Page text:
Two factors account for Huawei’s continued attractiveness in Africa. First is the economic viability of Huawei’s network — it is considered a cheaper source of ICT infrastructure than those of western companies. Second are bilateral relations between African countries and China gaining momentum over time. China plays a vital role in the economies of many African countries, potentially persuading them to extend such engagement to the ICT sector. But the cavalier attitude of African political actors could open opportunities for sophisticated espionage and surveillance.

China promotes a conception of the internet known as cyber sovereignty, where the state has absolute control over the internet. This approach differs significantly from the West’s conception of the internet as a borderless global community. Chinese President Xi Jinping provided a detailed explanation of cyber sovereignty at the second World Internet Conference in Wuzhen, China in 2015: ‘Sovereignty covers all aspects of state-to-state relations, which also includes cyberspace. We should respect the right of individual countries to independently choose their own path of cyber development and model of cyber-regulation and participate in international cyberspace governance on an equal footing’.

The implications of China’s cyber sovereignty are numerous but the most significant is censorship. This was highlighted by Freedom House’s Freedom on the Net 2018 ranking China as the world’s worst abuser of internet freedom for the fourth consecutive year. The report also emphasises that ‘a cohort of countries is moving toward digital authoritarianism by embracing the Chinese model of extensive censorship and automated surveillance systems’. The development of ICT infrastructure able to enforce cyber sovereignty on the African continent raises a red flag in the long term.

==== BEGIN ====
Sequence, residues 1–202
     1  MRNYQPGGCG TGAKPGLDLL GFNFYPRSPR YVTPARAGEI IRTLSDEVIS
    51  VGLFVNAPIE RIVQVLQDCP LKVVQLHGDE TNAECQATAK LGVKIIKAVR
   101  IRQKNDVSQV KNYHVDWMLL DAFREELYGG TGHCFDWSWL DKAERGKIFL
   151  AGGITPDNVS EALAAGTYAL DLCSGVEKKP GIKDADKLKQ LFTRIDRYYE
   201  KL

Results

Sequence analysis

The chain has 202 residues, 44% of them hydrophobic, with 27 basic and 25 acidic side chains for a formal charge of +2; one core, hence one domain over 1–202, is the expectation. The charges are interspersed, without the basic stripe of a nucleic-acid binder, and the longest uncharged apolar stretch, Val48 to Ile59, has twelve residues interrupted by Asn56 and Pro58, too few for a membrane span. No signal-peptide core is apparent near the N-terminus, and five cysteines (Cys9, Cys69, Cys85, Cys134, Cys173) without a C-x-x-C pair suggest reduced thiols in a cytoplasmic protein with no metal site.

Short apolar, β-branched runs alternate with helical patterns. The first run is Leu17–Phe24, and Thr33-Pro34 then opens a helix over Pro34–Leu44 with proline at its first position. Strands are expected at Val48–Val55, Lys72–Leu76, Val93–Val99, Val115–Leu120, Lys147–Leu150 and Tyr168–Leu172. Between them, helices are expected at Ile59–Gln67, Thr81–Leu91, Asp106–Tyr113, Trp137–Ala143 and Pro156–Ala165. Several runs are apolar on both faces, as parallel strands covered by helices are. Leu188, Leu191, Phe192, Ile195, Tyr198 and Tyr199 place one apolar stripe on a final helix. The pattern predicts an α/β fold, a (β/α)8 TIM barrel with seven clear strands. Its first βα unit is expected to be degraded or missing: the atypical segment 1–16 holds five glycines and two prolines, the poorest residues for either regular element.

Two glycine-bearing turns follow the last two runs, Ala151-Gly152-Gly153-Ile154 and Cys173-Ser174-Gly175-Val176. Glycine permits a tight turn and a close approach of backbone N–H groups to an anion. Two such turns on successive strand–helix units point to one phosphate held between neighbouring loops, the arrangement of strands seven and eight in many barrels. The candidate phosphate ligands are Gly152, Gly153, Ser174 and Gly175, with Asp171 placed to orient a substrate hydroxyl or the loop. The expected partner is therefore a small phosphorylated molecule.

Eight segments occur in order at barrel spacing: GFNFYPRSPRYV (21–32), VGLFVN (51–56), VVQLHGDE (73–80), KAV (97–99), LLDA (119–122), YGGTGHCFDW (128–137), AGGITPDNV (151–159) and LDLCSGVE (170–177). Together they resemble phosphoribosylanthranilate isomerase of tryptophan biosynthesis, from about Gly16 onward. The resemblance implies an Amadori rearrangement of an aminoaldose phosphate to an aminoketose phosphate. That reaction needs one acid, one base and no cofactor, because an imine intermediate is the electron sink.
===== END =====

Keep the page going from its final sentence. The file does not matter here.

Some experts predict that two versions of the internet — following the US and Chinese conceptions — will emerge in a decade’s time. If this happens, Huawei’s digital infrastructure in Africa will align with the Chinese version. Dire consequences for Africa’s transitional democracies would come in the form of regulation of online freedom of expression and political pluralism. Huawei’s ICT infrastructure may be deployed to advance digital authoritarianism on the African continent.

Huawei’s 5G network will remain vital to Africa’s ICT sector in the short-to-medium term. But in the long-term, it could hold troubling consequences for Africa’s transitional democracies. The rise of a hegemonic Chinese internet may result in the reproduction of digital authoritarianism in Africa. Rather than demonising Huawei, which may not attract support in Africa, the United States and its allies should engage with media, civil society organisations and academics on the continent. Through these diverse engagements, the West can exert pressure on African policymakers to come to terms with the long-term implications of Huawei’s network.

Emeka Umejei is a Visiting Assistant Professor in Communication and Multimedia Design at American University of Nigeria.